The ride to Bear Mountain is long and hard. I did this on a whim to see if I could do it. It was an early October morning when I set out on the longest single-day ride of my life. 120 miles to be exact. I didn't know what to expect other than to follow route 9W, way north of the city. So with a saddle bag of tools, four Clif Bars, and two bottles of water I set out on a day long adventure into unknown territory.
New York City will always be an inescapable concrete jungle to me. For years since moving here I was content living within its confines, exploring its many cultural corners, however coming from the Northwest a sense of imbalance slowly crept into my consciousness. Where are the mountains and trees? How does one get out of here without a car? Get me out of here! I didn't realize how much of a country boy I was deep down inside till this year. The stress of city life have compounded and concentrated to the point of having to regularly seek refuge some 30 miles north of home.
Thankfully there lies a break from the honking horns, crowds of people and the smell of exhaust, but you really have to work for it, like most things in New York. Once you're on the other side of the George Washington bridge the land really opens up to some gorgeous landscape, full of rocky cliffs and endless tree-line. Surprisingly enough it begins in New Jersey, which is where the Henry Hudson Drive starts.
Following Henry Hudson Drive along the water is truly special. Maybe it's because I've been away from the Northwest, which has endless amounts of road just like it, but I can't help feel happy excited every time I ride it. I guess it's the novelty of having something so pristine and untouched just on the other side of the river that makes it so special to me. I'm not the only one who'll agree, judging by the crowds of cyclists it draws every weekend, especially the past few since the weather has been cooperating so well.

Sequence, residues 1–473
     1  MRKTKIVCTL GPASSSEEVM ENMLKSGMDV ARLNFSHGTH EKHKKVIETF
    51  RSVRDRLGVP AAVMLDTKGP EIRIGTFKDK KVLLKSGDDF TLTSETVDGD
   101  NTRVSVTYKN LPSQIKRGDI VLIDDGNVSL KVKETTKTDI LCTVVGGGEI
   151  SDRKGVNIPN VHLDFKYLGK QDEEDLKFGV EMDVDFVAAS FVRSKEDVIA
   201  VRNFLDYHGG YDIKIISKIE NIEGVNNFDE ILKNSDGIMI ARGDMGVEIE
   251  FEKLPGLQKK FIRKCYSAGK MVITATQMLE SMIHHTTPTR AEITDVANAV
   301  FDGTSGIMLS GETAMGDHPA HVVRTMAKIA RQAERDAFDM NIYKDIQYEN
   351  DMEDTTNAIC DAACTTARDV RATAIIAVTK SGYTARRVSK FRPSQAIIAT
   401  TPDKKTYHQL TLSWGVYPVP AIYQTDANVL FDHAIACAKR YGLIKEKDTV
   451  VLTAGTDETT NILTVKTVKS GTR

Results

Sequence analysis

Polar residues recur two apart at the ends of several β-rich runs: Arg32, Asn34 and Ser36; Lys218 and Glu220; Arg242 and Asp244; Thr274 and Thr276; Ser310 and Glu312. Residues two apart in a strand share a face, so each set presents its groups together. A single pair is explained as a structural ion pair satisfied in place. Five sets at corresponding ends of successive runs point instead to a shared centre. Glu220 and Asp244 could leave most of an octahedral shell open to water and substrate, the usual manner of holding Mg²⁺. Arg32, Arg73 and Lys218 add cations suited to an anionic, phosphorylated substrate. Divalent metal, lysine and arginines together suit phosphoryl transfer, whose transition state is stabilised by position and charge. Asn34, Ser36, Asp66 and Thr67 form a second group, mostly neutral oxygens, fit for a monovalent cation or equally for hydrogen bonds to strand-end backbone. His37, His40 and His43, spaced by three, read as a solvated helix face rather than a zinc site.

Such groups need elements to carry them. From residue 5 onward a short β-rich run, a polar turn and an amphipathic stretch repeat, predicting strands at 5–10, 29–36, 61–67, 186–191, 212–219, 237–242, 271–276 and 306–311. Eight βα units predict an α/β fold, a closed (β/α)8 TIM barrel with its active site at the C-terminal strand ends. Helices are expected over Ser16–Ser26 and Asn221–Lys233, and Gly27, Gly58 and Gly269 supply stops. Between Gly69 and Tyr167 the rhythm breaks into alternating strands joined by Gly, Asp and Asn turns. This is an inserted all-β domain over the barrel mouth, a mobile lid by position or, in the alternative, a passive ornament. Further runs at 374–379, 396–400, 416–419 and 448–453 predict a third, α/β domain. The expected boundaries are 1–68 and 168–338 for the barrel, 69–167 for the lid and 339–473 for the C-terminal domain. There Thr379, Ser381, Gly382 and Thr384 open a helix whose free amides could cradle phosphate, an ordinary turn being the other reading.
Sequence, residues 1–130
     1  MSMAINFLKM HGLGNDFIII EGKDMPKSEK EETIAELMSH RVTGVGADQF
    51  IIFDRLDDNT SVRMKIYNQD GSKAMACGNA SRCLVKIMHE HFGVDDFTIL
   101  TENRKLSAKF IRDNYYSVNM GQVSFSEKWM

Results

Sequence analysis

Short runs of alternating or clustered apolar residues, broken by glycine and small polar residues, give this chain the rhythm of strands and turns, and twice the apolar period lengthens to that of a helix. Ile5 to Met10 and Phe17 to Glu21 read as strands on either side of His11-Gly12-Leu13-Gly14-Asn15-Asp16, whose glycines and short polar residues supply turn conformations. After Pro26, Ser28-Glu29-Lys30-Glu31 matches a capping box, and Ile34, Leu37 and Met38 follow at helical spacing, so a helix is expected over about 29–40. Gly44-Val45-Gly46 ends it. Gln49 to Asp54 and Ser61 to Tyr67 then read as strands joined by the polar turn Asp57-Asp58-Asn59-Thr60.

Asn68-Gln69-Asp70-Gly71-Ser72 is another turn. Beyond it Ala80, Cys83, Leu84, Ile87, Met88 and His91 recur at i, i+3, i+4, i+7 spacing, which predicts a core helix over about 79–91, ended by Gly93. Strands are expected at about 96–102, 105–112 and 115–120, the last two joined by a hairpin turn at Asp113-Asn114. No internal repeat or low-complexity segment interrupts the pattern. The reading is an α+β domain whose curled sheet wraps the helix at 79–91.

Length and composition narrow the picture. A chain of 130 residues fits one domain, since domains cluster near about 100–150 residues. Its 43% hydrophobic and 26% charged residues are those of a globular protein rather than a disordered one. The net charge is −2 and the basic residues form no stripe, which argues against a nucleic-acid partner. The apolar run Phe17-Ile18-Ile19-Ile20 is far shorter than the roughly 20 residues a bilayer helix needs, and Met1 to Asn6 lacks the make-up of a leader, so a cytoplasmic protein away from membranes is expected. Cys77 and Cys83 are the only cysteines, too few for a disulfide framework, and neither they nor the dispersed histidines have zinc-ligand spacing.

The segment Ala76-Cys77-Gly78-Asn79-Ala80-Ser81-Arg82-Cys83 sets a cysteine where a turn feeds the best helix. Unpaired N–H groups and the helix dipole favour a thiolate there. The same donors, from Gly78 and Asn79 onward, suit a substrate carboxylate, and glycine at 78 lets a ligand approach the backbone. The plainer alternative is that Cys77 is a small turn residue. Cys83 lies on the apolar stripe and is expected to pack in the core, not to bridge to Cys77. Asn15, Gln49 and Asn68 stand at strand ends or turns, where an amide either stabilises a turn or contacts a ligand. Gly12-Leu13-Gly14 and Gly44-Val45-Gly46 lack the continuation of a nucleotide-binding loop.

9W takes you through some really cute towns like Piermont and Nyack. My wife grew up in Piermont so it's really cool to see where she came from. But once you're past Haverstraw and beyond the roadway becomes really grim and tough. This is about 40 miles into the ride where it becomes apparent that you're out on your own, so you'd better be prepared.
Cars give way to semi-trucks as the trees and cliffs grow taller by the mile. I can't help but feel the weight of the city lift off my shoulders as I'm truly out in the wild, where cell-phone reception dwindles at every turn. You know you're out in the sticks when you only have a bar or two of reception.
The climb to the summit of Bear Mountain wasn't as crazy as I was anticipating. I'm not sure what the elevation gain was, but I recall climbing for a good half hour till I got a flat tire. I had brought an extra tube, which is something I recommend in addition to a patch kit if you're planning on riding more than 75 miles. Nothing is worse when you're completely stranded and miles from home. It's never happened to me, and hopefully it never will.
The view from the summit is amazing. You can even make out the city way out in the distance. It felt really good to have reached my destination surrounded by people who drove to the top. I'm sure they were all thinking, 'what's this guy doing up here? Did he get here by bike?'. I stayed long enough to finish my last bottle of water, knowing this is only the halfway point. 60 miles to go.
The ride back is where I began to suffer. With 80 miles into the ride and 40 more to go I realize I didn't bring enough food. I push through. I'm moving at snail's pace when I hit the bridge. I make it back into the city just fine, but had to stop for a hot dog, just off the Hudson River Greenway. The sun was setting and I wanted to make it home without stopping for more food.
Rides like this take time to recover from. I made the mistake of layering incorrectly and was pretty cold for most of the morning. I set out just as the sun rose, and spent half the ride in damp shade, later developing a congested cough I couldn't shake for a week. I was off the bike for a few days.
I look forward to doing this ride again as soon as the weather warms up. It's virtually the same course as the upcoming Gran Fondo in May, and I want to make sure I ride it again beforehand. It'll also be good training for the Leadville 100 in August.